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From General Lee's army.

[from our own Correspondent.]
Army Northern Virginia,
Near Orange C. H., Va., Nov. 26.
Advices from the front represent that Meade is advancing his picket lines on our front to within sight of the Rapidan river, and also that he is moving a force on our left flank, in the direction of Madison C. H. It is now affirmed, the railroad and the bridge being completed, that the bulk of the Yankee army is being transferred from Fauquier to Culpeper, preparatory, perhaps, to the forward move which the New York World tells us that Meade has been ordered by Lincoln to make contrary to his own judgment.

His Excellency President Davis and staff returned to Richmond via the Tuesday morning Central train, after spending two whole days and parts of two other days with Gen. Lee. During his stay nearly all of the principal officers of the army called upon "Uncle Jeff," and "Marse Robert," to pay their respects. The President and Gen. Lee rode to Clark Mountain on Monday, and had an excellent view of the situation and of the Yankees that were visible. But for the inclement weather the President would have reviewed the whole army. On his return to Richmond the President was accompanied as far as Gordonsville by Major Gen'l J. E. B. Stuart.

On Monday night the band of the 11th Mississippi regiment (Joe Davis brigade) serenaded the President at Gen. Lee's headquarters. The band was accompanied by a large collection of soldiers. In reply to this compliment the President briefly addressed those present, thanking them for their patience under trial, their heroism and patriotism, and expressing the hope of soon seeing them at their respective homes under more favorable auspices.

The country will hear with deep regret that Lieutenant-General Ewell, who, as I mentioned in my last, is on a visit to Charlottesville, will probably he disabled from service during the coming winter by reason of an ulcer on his amputated limb. In his absence his duties devolve upon Major-General Jubal A. Early. In the event of his permanent retirement the country will lose one of its bravest, purest, and ablest Generals — a man whose deeds will illustrate the brightest pages of his country's history. The loss of such men as Jackson and Ewell is indeed great. But let us fear not; for the God of these heroes will raise up others to take their places if our faith is only equal to our trials.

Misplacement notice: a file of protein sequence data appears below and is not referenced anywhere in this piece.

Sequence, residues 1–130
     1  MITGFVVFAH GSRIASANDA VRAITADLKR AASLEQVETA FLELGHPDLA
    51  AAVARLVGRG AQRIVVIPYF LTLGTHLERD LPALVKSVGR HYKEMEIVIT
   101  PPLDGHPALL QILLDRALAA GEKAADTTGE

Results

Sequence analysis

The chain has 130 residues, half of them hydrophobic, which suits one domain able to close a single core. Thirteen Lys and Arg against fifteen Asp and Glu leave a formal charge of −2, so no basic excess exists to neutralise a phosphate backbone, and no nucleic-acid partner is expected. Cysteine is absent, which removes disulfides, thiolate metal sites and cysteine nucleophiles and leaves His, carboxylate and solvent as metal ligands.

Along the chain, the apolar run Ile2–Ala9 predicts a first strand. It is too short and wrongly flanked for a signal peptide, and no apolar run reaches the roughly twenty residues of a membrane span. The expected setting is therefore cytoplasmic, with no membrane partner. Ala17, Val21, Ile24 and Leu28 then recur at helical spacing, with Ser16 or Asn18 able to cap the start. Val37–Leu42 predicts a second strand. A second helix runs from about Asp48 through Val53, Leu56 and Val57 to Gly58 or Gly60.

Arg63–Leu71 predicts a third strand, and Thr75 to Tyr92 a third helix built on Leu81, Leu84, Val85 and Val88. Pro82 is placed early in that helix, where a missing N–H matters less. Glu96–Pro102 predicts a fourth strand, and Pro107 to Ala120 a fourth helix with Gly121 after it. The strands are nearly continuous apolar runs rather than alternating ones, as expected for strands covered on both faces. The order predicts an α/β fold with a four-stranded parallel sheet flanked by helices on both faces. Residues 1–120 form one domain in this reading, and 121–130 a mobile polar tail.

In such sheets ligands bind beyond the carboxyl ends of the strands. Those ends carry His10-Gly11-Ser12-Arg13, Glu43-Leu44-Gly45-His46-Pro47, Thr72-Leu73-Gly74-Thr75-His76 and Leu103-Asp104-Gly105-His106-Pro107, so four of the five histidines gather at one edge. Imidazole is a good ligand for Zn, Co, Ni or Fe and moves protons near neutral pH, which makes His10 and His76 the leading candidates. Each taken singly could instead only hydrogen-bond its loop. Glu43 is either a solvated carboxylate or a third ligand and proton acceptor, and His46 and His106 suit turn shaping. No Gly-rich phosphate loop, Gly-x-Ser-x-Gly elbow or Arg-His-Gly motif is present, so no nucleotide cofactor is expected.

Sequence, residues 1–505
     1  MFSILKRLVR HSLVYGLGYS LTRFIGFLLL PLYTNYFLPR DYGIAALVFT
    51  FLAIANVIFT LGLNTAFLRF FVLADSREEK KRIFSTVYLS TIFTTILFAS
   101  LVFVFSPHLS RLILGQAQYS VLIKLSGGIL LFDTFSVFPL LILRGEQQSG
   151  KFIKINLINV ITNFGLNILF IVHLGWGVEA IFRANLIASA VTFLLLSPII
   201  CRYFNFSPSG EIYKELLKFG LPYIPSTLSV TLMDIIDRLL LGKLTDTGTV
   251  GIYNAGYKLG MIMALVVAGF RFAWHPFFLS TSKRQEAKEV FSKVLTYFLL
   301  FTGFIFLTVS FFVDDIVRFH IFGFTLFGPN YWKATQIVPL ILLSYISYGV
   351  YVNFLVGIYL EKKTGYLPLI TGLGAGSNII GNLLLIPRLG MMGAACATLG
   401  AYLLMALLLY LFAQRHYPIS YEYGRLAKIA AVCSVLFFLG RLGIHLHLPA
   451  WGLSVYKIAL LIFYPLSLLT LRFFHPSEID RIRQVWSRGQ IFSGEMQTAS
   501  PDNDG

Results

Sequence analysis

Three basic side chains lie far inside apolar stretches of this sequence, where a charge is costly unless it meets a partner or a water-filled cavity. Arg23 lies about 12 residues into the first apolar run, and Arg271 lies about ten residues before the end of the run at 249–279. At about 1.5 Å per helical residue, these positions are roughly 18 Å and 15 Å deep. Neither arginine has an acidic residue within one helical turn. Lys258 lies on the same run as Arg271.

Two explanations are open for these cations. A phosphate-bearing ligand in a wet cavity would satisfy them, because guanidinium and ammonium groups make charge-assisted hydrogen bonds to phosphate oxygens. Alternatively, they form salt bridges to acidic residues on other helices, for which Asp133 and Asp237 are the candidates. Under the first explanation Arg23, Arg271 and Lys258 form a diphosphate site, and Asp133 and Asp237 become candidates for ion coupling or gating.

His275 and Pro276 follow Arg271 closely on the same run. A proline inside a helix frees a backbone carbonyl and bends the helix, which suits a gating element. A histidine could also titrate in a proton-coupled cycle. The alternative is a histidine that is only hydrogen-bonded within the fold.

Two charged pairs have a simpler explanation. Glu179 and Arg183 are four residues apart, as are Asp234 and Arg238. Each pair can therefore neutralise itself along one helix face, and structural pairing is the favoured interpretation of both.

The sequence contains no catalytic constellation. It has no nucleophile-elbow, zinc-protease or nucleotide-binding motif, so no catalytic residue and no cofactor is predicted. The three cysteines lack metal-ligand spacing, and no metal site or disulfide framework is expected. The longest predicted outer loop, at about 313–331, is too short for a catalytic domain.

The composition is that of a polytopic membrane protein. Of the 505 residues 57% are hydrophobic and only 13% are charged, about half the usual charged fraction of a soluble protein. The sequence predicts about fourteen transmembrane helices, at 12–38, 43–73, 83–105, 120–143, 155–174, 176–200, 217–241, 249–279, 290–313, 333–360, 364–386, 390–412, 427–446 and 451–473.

Everything hereabouts indicates that we are permanent — at least for a while. The depot buildings have been considerably enlarged, the post office has been extended, and a new office has been erected for the passport clerks, and everything gives evidence of a disposition to have comfortable quarters during the winter. The men, too, are busy constructing their little huts for protection against the bad weather. This may, or may not, mean going into winter quarters; for it is always customary to fix up in this way whenever the army calls a halt at this season.

The death of the lamented Gen. Posey, of which your readers have already been apprised, makes vacant the command of his brigade, and speculation is rife as to his successor. Among the names prominent in connection with it are Lieut.-Col. Harris, of the 12th Miss.; Col, Baker, of the 16th; Col. Jayne, of the 48th; Col. Harris, of the 19th, and Col. Taylor, of the 12th.

Any number of court-martials are now in session all over the army dispensing justice. Every corps has one of these courts, and in many cases there are courts for the divisions and brigades.

Mosby, the gallant guerilla, has again been in rear of the enemy's lines. On Saturday last he came up with some three or four wagons, and captured them, together with their valuable contents, twenty mules, and ten prisoners, near Bealeton, in Fauquier county.

Yesterday was a bright and clear day, and to-day is of like character, and the roads are fast drying. Last night we had the heaviest frost of the season. If the enemy mean to fight, now is their time. There has been considerable activity in the Yankee camp for the last forty-eight hours; but what it means cannot yet be told. X.

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